Just attempting to manipulate another person's emotional response is not art either. I can produce astonishment.
I cannot command that the observer think "must be magic" or think "Art" because I find it to be artful.
But, if I sell tickets to those with a history of thinking "magic" and claiming it is art, my expectation of either increases

I am not trying to define art as much as understand why/how magic can be art. But you asked.
More specifically. If I as an "old fart" find an effect to be both art and magic, can I expect a vicariously conditioned teen-ager to respond the same?

Say I have a personal experience of a butterfly landing on my finger, then seemingly vanish without a trace. I have a "feel good" response.
I now want to recreate that special moment for another. I might use music or a story or a magic effect or a painting.
If I the observer also has a "feel good" moment it is possibly art. My intent was to create the opportunity, not to force a specific response.

Now consider a spectator coming up after your one-coin routine and saying, "As I watched that coin appear, vanish and mysteriously jump about,
I was taken back to a childhood experience with a butterfly." Then it is art even though I had no intent beyond entertaining with a coin.

Using by "vicarious experience" view, can a person who has never seen a real butterfly offer such a statement? Can they appreciate the art of the coin?

If they say, "That coin reminds me of a butterfly on TV last week," is it art? I don't know. Is any "feel good" reaction because they relate to a butterfly,
or because of an ego stroke from having a good TV?
"the more one pretends at magic, the more awe and wonder will be found in real life." Arnold Furst



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funsway
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On Jun 21, 2017, Dannydoyle wrote:

I just don't see it happening.

.


I have a friend in Vegas who saw your show. HIs girl friend drug him there because he had never seen any 'live' magic but complained about what he saw on TV.
After the show they had long discussions about the difference between live experiences and 'second hand' ones on TV or the Internet. This led to more dates.
They decided to explore going to live events and sharing movies together -- always followed by a discussion.
Then came love and more. They named their first kid Danny. He wants to say thanks. He didn't like your show, but ...
"the more one pretends at magic, the more awe and wonder will be found in real life." Arnold Furst



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Dannydoyle
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Wonderful story. If only it were anywhere near true it would bring a tear to my eye.
Danny Doyle
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<BR>In a time of universal deceit, telling the truth is a revolutionary act....George Orwell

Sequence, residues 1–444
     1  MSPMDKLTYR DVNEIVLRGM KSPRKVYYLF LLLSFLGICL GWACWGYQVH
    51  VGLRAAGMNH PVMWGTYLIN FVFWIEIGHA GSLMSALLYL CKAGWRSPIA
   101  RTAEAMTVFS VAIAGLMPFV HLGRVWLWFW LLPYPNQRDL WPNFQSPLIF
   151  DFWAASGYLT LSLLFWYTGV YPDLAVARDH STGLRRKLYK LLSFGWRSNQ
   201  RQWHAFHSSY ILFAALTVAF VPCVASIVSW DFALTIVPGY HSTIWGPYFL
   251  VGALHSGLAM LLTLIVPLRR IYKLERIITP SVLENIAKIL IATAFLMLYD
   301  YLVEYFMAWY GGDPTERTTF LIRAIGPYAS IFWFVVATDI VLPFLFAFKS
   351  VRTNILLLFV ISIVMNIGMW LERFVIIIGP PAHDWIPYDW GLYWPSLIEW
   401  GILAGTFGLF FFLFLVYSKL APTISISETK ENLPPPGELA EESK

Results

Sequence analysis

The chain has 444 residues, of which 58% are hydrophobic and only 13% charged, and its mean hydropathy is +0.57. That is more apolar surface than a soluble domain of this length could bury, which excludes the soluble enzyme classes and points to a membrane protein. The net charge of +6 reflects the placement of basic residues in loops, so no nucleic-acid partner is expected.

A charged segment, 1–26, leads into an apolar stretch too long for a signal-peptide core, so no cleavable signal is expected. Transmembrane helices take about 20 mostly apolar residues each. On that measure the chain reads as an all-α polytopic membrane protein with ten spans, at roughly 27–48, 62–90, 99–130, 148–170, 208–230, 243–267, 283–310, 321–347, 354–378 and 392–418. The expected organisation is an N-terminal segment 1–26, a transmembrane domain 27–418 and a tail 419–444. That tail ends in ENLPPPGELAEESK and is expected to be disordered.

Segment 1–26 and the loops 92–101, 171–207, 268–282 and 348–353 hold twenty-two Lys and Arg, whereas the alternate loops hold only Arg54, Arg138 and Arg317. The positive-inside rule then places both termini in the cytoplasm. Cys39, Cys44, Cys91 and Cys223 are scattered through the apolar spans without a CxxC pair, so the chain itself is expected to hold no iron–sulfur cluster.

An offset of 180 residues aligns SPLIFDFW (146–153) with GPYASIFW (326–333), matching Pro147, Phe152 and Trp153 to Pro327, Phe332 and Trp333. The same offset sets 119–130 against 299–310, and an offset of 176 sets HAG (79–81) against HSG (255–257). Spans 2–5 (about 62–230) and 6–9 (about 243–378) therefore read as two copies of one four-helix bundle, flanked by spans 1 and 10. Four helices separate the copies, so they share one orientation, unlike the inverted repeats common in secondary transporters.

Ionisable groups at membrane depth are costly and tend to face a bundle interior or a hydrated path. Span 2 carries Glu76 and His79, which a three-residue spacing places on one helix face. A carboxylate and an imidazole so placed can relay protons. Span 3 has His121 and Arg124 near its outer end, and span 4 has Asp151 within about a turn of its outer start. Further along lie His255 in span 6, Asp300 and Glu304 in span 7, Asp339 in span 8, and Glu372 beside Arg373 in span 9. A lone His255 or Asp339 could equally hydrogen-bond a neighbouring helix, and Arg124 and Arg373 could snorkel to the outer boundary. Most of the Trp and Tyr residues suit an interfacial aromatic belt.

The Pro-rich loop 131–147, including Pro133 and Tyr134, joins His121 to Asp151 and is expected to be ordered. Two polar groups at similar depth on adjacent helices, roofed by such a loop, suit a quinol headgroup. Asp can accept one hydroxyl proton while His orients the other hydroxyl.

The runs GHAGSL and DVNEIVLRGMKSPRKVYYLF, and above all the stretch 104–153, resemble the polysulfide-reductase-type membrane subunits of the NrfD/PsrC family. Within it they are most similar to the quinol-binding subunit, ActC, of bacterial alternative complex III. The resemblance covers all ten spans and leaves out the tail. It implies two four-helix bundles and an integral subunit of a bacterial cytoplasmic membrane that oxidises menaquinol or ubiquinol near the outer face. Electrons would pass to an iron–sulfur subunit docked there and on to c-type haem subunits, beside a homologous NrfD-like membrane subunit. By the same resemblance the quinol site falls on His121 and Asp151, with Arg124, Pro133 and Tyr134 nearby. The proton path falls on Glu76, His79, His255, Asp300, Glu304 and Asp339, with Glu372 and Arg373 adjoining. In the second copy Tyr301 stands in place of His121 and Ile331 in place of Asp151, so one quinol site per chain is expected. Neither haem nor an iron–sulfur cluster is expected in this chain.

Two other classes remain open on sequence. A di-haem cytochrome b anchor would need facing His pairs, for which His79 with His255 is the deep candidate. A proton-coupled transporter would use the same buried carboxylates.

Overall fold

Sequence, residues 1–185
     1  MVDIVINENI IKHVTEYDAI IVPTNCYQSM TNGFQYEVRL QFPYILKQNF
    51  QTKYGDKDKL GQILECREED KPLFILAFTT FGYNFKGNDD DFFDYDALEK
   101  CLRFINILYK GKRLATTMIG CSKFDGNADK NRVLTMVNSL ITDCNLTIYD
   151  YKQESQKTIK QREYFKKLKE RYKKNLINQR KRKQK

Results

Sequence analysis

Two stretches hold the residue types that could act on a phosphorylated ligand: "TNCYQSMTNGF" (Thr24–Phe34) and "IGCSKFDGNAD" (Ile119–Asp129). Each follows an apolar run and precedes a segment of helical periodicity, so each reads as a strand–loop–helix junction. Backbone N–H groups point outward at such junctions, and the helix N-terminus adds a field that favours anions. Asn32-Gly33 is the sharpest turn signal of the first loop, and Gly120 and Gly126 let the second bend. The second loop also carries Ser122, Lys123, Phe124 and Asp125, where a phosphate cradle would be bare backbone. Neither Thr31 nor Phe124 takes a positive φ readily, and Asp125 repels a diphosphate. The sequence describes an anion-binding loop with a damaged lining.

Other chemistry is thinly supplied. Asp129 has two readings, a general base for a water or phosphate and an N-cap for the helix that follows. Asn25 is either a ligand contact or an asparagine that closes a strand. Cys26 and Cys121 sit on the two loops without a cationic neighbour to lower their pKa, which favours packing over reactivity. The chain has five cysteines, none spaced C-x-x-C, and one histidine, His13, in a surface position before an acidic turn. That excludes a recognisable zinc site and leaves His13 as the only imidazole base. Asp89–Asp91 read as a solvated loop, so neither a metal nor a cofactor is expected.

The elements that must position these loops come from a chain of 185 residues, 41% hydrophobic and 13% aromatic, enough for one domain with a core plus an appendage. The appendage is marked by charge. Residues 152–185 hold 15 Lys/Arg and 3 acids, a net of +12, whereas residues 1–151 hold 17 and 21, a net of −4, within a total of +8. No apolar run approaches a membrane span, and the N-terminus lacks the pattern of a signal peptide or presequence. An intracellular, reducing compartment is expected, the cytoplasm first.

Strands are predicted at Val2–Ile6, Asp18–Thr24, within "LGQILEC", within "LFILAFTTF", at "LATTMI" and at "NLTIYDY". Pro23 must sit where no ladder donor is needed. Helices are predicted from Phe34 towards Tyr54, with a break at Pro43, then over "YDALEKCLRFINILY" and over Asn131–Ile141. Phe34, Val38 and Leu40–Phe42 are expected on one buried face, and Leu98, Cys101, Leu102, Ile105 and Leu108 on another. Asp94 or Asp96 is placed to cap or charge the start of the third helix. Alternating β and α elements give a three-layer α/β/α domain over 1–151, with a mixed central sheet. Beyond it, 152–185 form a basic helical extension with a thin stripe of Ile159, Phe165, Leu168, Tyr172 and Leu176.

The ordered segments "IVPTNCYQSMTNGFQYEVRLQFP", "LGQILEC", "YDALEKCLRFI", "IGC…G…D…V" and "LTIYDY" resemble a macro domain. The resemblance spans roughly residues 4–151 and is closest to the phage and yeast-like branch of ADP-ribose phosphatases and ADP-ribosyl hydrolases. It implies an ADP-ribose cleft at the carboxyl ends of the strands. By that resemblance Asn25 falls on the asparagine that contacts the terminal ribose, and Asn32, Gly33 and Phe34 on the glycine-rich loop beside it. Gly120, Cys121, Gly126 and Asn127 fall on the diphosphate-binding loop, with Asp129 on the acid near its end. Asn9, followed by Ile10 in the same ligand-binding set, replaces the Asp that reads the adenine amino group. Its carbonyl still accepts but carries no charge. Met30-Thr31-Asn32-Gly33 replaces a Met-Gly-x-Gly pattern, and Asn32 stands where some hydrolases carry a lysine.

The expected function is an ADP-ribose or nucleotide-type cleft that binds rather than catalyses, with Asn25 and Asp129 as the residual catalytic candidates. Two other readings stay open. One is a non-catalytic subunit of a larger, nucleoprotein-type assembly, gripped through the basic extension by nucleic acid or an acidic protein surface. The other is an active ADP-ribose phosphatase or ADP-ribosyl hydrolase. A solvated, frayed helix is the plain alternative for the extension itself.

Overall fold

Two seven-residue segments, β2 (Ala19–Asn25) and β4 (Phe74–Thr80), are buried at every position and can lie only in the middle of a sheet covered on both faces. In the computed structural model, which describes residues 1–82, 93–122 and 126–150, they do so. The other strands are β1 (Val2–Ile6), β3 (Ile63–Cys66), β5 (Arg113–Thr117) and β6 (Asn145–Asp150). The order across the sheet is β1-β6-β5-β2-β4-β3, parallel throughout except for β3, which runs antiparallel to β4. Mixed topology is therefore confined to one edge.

tommy
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It may not be exactly obvious to some that a sculpture of a woman is not a real woman. One cannot appreciate the art of duck making if on seeing a decoy duck one takes it to be real.



The patter servers the magic and good magic is not drowned in too much nonsense. If the theme of the patter be about father’s day then a magician may take father day gift and wrap it up in emotional nonsense. At the climax, however, their mind will not be on the emotions of father’s day but hooked on the horns of the dilemma.
If there is a single truth about Magic, it is that nothing on earth so efficiently evades it.

Tommy
funsway
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Quote:
On Jun 21, 2017, Dannydoyle wrote:
Wonderful story. If only it were anywhere near true it would bring a tear to my eye.



tommy said that if it to be art it must be a lie.

I am trying to learn
"the more one pretends at magic, the more awe and wonder will be found in real life." Arnold Furst



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Dannydoyle
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I'm not certain how feeding the troll furthers the discussion point you are trying to make but ok.
Danny Doyle
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<BR>In a time of universal deceit, telling the truth is a revolutionary act....George Orwell
funsway
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Actually Danny, a couple of your comments here and on another thread have me adjusting my views here.
while tommy's often serve to reenforce (defend my castle against the jabberwock)

Is not the reaction of shock, overwhelming surprise or even fear an "emotional" one beyond the objects and action?
Just because they are more Limbic than "controlled/subdued" does not eliminate them from the art consideration.

Perhaps ALL magic is art because the experience takes the observer "out of normal."
Even to have a busy/distractible person become completely absorbed in a magic routine can be considered "out of normal."

It would certainly be simpler to consider ALL magic demonstrations to be art by their implicit nature than be concerned over quality or intensity of emotion.
"the more one pretends at magic, the more awe and wonder will be found in real life." Arnold Furst



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tommy
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The Jabberwocky is the very definition of the patter; a fabulous beast, known not to exist, in reality. The willingness and ability of one to suspend disbelieve, to go along temporarily allowing one to believe something that is not true, is only possible when one is aware it is a lie. Therefore, then, it is necessary that the magician desiring that makes his audience aware his patter is a Jabberwocky. As the magician capture their hearts with the Jabberwocky, he step by step, with rational facts, conjures up the Jabberwocky into reality! When the Jabberwocky in reality suddenly appears at your gate, then you will be in a dilemma old boy.
If there is a single truth about Magic, it is that nothing on earth so efficiently evades it.

Tommy